Most AV receivers have manual and auto speaker setup or calibration features, and even if you've already used an automated system you can make your system sound even better with manual tweaks. But is a manual calibration for you?
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What if it sounds pretty good already? Armed with just your phone and a tape measure we walk you through the process of determining if your audio-visual pride and joy can indeed be improved upon or whether it's just dandy as it is. Auto setup systems use a microphone and a series of test tones to determine various things about your system -- from the size of your speakers , the distance of each speaker, to the listening position and the optimal volume level of each. Most auto setup systems also use equalization to balance the frequency response of all the speakers and the subwoofer.
While auto setup programs can sometimes work wonders, our confidence in their results is pretty low. Too often they misjudge crucial things like speaker size which determines crossover points , relative volume levels of subs, or apply heavy-handed equalization. X with front or rear height channel speakers, auto setup programs don't always set their volume correctly. You, and a smartphone, can do better.
If you already used your receiver's auto setup, start by listening to your system with and without the effect switched on.
To help, try listening to familiar movies and music and see if the automated settings improve the sound or not. If the sound is better with the EQs turned on, great!
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Go no further, put on your favorite movie and microwave your popcorn! There is no right or wrong here. You may need to live with the EQs turned off for a day or two, then turn the EQs back on. If you can't tell the difference, leave the EQs off and go to the next step: The Channel Config screen lets you adjust the size and level of each speaker: The next order of business is selecting the number of speakers in your home theater system, sometimes referred to as Speaker Configuration. If you have five speakers, plus a subwoofer, that's 5. Those systems typically have three front speakers, left, center and right, and two surround channel speakers, plus the sub.
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Dolby Atmos or DTS: X systems have a different layout, they might have five front speakers, left, center and right, two height channel front speakers, and two side or rear surround channel speakers, plus the sub. Most auto setup systems work best with readings from three or more mic positions, usually starting from that central, "sweet spot," and then from the right and left sides of the seating area. Again, the mic should be placed as close to seated ear height as possible. Before you get started running test tones, check that the interconnect cable running to the subwoofer is connected to the sub's "direct" or "LFE" input.
Turn the sub's volume control half way up. Some auto setup systems will check the wiring, but try to get it right in the first place. When running the auto setup test tones, the room should be as quiet as possible, turn off your air conditioner, and shut all the windows and doors. It's a good idea to leave the room, so you avoid the annoying test tones and so you don't effect the results of the test.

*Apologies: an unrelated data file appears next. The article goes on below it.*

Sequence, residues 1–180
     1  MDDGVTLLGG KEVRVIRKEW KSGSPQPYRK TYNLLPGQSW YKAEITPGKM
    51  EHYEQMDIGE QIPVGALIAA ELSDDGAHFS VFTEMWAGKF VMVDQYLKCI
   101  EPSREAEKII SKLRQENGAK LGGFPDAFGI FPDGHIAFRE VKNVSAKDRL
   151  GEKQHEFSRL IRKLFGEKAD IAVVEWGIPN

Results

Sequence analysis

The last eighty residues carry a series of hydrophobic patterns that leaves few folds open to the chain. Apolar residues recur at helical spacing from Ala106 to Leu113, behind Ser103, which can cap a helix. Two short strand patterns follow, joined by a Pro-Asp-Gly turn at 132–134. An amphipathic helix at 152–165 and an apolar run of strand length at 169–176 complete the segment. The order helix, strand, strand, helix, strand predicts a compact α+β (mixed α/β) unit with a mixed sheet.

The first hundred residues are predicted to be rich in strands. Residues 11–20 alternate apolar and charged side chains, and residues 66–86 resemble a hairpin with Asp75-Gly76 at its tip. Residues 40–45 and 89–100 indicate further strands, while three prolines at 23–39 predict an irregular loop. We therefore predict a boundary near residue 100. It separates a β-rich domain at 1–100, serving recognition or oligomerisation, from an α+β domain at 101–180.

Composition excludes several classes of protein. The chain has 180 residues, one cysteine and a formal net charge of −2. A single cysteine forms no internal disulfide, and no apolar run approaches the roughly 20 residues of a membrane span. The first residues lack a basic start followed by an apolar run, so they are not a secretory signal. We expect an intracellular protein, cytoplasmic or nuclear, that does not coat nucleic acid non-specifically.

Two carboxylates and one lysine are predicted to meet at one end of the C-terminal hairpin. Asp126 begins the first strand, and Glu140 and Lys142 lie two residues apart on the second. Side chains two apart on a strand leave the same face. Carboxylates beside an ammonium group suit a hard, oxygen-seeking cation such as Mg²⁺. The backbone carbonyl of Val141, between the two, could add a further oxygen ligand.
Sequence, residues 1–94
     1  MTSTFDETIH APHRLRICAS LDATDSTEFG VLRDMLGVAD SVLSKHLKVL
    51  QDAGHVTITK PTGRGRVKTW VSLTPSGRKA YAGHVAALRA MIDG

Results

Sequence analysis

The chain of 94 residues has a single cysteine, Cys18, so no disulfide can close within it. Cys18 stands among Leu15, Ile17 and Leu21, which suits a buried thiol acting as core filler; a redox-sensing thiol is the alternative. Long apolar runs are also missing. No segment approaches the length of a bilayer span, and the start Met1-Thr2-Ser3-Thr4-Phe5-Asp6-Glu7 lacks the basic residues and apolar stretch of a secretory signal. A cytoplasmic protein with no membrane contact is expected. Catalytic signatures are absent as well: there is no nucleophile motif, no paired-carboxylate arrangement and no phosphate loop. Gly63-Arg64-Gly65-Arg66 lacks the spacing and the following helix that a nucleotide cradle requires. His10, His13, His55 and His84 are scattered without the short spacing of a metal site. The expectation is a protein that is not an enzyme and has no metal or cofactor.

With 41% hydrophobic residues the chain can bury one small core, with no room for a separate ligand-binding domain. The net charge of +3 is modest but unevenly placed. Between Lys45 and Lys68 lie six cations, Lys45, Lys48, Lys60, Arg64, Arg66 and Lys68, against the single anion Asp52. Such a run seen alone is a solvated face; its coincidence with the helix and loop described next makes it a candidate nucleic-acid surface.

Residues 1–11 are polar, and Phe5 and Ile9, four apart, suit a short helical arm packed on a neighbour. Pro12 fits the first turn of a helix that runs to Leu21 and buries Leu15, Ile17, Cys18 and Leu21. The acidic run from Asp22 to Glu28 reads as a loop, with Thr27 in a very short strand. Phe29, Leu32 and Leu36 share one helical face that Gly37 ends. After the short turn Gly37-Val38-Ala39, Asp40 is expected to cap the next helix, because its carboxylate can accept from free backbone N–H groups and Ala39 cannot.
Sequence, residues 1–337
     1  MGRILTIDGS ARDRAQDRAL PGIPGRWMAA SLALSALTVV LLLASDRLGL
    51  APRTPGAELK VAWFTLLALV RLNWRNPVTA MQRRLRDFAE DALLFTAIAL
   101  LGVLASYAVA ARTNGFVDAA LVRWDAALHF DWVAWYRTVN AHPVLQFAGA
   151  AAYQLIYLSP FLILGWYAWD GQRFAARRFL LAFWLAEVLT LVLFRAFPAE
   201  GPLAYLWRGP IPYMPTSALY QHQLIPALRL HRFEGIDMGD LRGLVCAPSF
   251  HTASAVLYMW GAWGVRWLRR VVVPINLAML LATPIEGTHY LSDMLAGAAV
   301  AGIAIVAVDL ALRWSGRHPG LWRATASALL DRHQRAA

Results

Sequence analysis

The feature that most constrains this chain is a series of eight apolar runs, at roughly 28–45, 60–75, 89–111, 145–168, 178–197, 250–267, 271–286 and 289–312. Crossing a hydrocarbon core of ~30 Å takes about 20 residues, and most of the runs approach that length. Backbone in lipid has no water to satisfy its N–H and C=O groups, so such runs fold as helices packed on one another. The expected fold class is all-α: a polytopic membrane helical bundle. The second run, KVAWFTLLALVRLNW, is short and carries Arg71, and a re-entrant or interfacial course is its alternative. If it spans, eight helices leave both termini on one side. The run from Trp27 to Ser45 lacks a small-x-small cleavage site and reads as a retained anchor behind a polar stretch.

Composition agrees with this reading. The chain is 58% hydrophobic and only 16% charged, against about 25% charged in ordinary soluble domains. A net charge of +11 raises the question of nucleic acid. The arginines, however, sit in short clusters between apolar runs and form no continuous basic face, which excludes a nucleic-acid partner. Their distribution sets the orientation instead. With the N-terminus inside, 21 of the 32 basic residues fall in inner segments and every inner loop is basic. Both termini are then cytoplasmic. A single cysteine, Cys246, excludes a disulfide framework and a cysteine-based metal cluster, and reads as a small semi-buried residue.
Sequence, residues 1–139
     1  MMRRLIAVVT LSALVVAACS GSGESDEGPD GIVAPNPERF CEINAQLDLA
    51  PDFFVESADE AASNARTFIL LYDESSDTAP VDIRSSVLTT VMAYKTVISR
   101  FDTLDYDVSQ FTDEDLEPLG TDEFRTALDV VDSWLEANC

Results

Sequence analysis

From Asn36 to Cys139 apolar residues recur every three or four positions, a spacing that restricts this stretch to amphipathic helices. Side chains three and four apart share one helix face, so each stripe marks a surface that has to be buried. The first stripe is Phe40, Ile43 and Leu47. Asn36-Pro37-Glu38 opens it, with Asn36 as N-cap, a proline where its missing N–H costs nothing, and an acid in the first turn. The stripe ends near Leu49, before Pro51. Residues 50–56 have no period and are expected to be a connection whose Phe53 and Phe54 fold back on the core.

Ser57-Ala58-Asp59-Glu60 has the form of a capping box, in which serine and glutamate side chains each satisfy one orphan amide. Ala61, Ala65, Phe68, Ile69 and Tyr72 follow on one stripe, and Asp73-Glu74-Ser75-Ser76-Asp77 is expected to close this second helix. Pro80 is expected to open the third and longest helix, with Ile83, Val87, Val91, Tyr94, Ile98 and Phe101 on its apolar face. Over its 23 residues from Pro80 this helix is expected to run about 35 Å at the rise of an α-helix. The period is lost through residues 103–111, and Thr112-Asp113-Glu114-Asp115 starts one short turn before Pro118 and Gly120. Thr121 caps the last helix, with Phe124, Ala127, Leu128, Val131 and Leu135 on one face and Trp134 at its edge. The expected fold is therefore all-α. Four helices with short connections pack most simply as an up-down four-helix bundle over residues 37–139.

Setup systems that equalize the speakers' frequency response, such as Audyssey, may need to be turned on or activated after running the auto setup, check the owner's manual. Don't assume the EQ-ed sound is better, listen to a few movies and CDs and see if you prefer the equalized sound. EQ systems frequently boost the subwoofer volume too much, so if you think the sub's too loud or low, feel free to either adjust the volume on the subwoofer itself, or via the receiver's manual setup menu.
If you're happy with the sound, you're done, if not, go ahead and recheck the settings in the manual speaker setup menus. While you're there confirm the speaker-to-listener distances are in the ballpark. Most systems are pretty good overall, but the sub-to-listener distance might be way out of whack. AVS Forum articles Contests. I wish to know how do you hook up a microphone for singing to a receiver. Current set up is dvd player is connected to receiver through optical, video outputs to tv.
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We get surround sound from the dvd player ok, but when we try to use the microphone input on the dvd player, the sound is very muted coming out of the speakers. Therefore, I would like to know how to connect the microphone straight to the receiver, and if there's a way to have the dvd player output sound at the same time you input sound by singing.
How to hookup microphone to receiver - AVS Forum | Home Theater Discussions And Reviews
Do you use the phono jack? Preamp connected to the phono jack? Sony pay me 10 beeeelion dollars to plant blu-ray seeeeds. You really need to look at the specs on your equipment. The output voltage of microphones can vary depending on the type of microphone you are trying to use. By the same token you need to look at the specs of your DVD player's mic input to see what input level it needs. Very likely the DVD player manual will tell you what kind of mic you need. If the level of your mic is too low, you may need to purchase and inexpensive mic preamp.
Without knowing brands and models of your gear, it is difficult to give a more precise answer. How are you connecting the mic to the receiver? A RCA plug or adapter would suggest an inexpensive mic designed for a computer.